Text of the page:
Charging your phone while cycling

Some consider them a curse, but it’s very hard to argue against the very real benefits smartphones bring to our lives. Whether it’s accessing social media, or taking a photo, most of us are using our phones all the time, and that simply means it’s quite easy to totally drain your phone’s battery during a normal day’s usage.

When we throw battery-sapping uses, like using GPS, or the camera, into the mix, then your phone’s battery life off a single charge could be reduced to just a few hours. Add to that the fact that a good bike ride can be far longer than just a few hours, and the scale of the problem becomes instantly obvious. And that’s before we even think about multi-day rides!

So, what practical steps can you take to guard against having a flat phone battery? Well, you really only have two options: use a power bank, or use a dynamo.

We’ll give it a minute for the laughter to die down, after that one person at the back suggested solar charging as an option anywhere outside of the Namib desert.

The power bank option

Power banks have long outgrown their initial niche and geeky status, and most supermarkets stock them now, but do yourself a favour and don’t rush out to buy one of those. I’ll explain why in a bit.

You will probably have heard of Anker power banks – they’ve built up a reputation for quality products. This is the point where you expect me to suggest you buy an Anker power bank, right? Only, I’ll do the opposite, and suggest you avoid Anker, at least until you’ve read this entire post, and had time to consider your options.

Yes, I know I just said they make good products, and they really do, but not all power banks are the same. Some support something called pass-through charging, and others don’t. Specifically, Anker power banks don’t support pass-through charging.

What is pass-through charging, and why should you care about it? I’ll answer the last part of that question first: it depends on your future plans. If at most what you’ll be doing is go for a bike ride of a few hours, every so often, and you have no plans of going beyond that, then please do get an Anker, or any other make.

However, if there’s even the slightest chance that you’ll be doing longer, or multi-day rides, or that you might upgrade to dynamo lights at some stage in the future, then I strongly suggest you get a power bank that supports pass-through charging.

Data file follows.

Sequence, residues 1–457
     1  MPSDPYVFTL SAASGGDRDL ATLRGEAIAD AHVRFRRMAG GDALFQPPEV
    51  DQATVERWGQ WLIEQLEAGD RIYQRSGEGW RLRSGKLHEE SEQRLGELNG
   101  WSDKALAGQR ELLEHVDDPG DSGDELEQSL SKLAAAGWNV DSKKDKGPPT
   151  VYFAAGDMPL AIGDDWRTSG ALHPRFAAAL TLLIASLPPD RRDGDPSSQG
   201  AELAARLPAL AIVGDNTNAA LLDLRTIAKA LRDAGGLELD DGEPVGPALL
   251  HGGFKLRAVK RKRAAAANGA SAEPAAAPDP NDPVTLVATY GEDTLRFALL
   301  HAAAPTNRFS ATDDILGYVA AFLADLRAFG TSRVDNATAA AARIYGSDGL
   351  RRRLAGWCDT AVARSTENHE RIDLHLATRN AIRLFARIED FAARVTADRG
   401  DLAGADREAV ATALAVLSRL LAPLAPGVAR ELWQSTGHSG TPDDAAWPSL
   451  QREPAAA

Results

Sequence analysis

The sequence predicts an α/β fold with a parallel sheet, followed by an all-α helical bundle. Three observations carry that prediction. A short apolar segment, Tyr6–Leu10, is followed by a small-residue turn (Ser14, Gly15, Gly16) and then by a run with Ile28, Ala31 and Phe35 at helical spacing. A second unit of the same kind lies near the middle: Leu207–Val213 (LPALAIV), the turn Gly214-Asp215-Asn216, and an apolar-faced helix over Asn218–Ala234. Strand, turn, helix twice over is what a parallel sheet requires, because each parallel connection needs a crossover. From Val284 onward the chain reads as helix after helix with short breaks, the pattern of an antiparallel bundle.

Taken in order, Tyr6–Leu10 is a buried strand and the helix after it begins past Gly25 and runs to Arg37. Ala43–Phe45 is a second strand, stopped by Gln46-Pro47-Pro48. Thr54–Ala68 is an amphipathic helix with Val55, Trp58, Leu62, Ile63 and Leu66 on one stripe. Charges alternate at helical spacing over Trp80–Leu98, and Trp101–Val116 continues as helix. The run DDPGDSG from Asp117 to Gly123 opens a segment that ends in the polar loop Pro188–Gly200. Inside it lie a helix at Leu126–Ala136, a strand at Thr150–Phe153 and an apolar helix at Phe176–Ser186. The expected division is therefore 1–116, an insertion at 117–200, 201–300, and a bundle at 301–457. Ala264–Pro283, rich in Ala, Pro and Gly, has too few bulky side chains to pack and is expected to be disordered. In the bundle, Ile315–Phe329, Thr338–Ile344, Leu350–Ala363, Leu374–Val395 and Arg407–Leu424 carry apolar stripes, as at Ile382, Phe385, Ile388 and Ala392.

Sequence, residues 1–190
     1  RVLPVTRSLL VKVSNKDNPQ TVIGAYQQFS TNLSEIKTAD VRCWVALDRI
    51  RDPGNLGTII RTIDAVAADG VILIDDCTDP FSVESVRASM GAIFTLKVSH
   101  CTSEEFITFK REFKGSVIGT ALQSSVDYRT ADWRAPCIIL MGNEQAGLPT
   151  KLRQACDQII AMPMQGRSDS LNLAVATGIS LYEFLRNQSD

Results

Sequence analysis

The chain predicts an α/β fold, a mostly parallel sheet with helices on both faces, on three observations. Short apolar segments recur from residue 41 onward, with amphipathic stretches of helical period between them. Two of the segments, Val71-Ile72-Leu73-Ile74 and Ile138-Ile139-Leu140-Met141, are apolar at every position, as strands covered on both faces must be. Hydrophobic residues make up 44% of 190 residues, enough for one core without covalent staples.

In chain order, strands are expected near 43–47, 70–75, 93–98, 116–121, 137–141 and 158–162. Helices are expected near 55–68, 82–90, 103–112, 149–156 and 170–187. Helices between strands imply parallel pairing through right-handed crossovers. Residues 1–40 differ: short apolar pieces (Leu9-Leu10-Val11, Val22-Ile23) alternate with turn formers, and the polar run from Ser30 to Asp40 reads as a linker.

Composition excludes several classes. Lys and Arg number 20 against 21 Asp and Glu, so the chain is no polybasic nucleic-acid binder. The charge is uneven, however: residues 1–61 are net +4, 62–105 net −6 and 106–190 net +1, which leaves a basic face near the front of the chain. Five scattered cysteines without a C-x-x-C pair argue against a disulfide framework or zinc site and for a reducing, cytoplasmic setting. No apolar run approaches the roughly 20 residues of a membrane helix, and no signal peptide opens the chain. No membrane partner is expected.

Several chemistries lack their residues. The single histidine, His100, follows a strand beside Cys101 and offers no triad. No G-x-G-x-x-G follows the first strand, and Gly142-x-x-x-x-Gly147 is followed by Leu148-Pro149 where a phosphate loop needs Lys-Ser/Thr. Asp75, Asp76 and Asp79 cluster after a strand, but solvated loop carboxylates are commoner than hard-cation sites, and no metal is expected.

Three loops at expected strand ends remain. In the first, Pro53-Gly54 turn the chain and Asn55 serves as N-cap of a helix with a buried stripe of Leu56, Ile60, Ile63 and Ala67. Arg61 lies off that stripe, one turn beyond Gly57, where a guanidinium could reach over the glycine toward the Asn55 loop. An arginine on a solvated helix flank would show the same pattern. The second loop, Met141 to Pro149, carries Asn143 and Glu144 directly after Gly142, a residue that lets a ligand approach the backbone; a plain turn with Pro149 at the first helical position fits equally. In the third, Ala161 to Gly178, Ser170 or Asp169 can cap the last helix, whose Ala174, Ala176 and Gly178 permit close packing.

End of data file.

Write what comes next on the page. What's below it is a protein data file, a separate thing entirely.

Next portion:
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As for what it is, that’s simple: a power bank that supports pass-through charging can simultaneously be charged, and be charging something else. If you’ve stopped in a café, on a multi-.day tour, with a phone that’s almost dead and a power bank that’s depleted, but there’s just one socket to plug into, you can plug your charger into the power bank, and your phone into the power bank at the same time. Both the power bank and the phone will start charging, but at a slower rate than if only one device was being charged.

That pass-through charging ability can make an enormous difference. Sadly, power banks are rarely sold with a clear indication of whether or not they support pass-through charging, so when I need to buy one, I ask the site to explicitly tell me. That way, if it doesn’t support pass-through, I can return it for a refund.

In terms of capacity, just don’t bother with a power bank of less than 10 000 mAh (milli Amps per hour) and ideally try to get a 20 000 mAh one. Trust me, you’ll thank me later!
The mAh rating is a measure of the charge capacity of the power bank. If your phone has a 2 500 mAh battery, in theory, a 10 000 mAh power bank can fully charge it up four times. Because retrieving stored electricity from a battery, and storing it in a battery consumes some energy, you’ll never get the full value, but if yours is a hefty power bank, it shouldn’t matter.

Next get a handlebar bag, or one of those nifty top-tube bags, to carry your power bank in, when going for a long ride. Many such bags also have a see-through top panel, so you can have your phone in there and still operate the touch-screen. Just be aware that most such bags aren’t waterproof, and you really don’t want your phone, or your power bank to get wet!

For that reason, you might want to invest in a splash-proof bag to keep you phone in, once it starts raining.

The dynamo option

Here’s where things get interesting! Go on, embrace your inner geek!